To protect those forests and educate the public, the Longleaf Alliance (LLA) was established in 1995. The group coordinates partnerships between private landowners, forest industries, state and federal agencies, conservation groups, researchers, and other enthusiasts interested in managing and restoring longleaf pine forests for their ecological and economic benefits.  Learn more here.

Ann Hohenberger, The Garden Club of Gloucester


The Incredible Edible Fig

Read & Eleanor's Fig PreservesTalk about Time Travel.  Yesterday I bit into my first fig of the season.  One taste and and I was whisked back to my childhood, lying on the warm grass beneath the boughs of a neighbor’s fig tree eating an endless supply of sweet succulent figs. The amazing taste and texture of a fig with all those tiny seeds is an experience like no other.  It’s positively addictive.  With the moist spring we’ve had, 2009 should be a bountiful harvest year.

The cultivation of the fig dates back 4-5 thousand years and before Biblical times, believed first in Egypt, then Crete, and on to ancient Greece, where they are still a traditional part of the daily diet.  Thought to have been brought by Spaniards to the Western Hemisphere in the 16th century and to Jamestown during the founding years, Virginians like to credit Thomas Jefferson for helping to popularize the fig.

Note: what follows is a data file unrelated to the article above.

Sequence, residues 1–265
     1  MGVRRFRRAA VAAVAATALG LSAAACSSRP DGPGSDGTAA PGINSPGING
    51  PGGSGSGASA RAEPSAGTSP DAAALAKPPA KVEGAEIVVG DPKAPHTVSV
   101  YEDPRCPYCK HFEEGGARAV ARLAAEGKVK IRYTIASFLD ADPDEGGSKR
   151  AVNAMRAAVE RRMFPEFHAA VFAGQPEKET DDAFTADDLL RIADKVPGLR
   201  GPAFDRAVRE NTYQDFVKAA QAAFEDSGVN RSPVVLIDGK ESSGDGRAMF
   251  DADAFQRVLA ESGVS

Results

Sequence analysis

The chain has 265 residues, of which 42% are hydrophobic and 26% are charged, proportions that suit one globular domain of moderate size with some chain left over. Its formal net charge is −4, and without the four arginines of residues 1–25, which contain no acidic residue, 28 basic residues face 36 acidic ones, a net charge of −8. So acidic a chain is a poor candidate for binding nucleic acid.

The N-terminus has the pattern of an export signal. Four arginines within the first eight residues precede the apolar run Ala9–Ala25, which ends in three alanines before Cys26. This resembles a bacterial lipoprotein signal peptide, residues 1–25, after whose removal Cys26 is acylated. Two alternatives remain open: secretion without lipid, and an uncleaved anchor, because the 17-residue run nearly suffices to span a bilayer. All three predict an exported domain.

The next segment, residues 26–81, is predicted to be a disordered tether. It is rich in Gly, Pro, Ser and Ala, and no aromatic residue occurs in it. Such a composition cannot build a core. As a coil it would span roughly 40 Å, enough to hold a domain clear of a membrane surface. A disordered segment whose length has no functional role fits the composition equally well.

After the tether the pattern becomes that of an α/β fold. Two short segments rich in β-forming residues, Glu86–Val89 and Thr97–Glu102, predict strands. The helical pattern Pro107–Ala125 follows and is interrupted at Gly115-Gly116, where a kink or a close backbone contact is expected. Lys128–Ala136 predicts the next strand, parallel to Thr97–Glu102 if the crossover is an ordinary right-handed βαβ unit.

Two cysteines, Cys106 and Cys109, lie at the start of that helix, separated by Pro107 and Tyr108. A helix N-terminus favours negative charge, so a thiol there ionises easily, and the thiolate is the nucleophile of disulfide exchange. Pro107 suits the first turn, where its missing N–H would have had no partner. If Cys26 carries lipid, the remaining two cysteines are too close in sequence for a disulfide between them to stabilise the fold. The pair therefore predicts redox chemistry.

Members of the ficus family, fig trees are easy to grow in zone 7 and higher.  They are bug and disease resistant but you must share the harvest with an occasional flock of birds or your dog (they love figs!).  Fig trees reach heights of 30 – 50 feet and can bear two or three crops a season.  In our area, we see two different kinds of figs: Brown Turkey, copper-colored with no neck, and Celeste, purplish and more fleshy.  Locate the plant against or near a south-facing wall so it can benefit from reflected heat during the winter.  If temperatures fall below 15 degrees F, insulate the roots with mulch.

Figs fall into the false-fruit category like strawberries as each fig harbors thousands of tiny fruits. When you pick, make sure the figs are ripe as they do not ripen off the tree.  The taste is fabulous on its own but marries well with a variety of foods and recipes abound.  Preserves is one of my favorite ways to enjoy figs all year and I’m lucky that friends share gifts from their trees.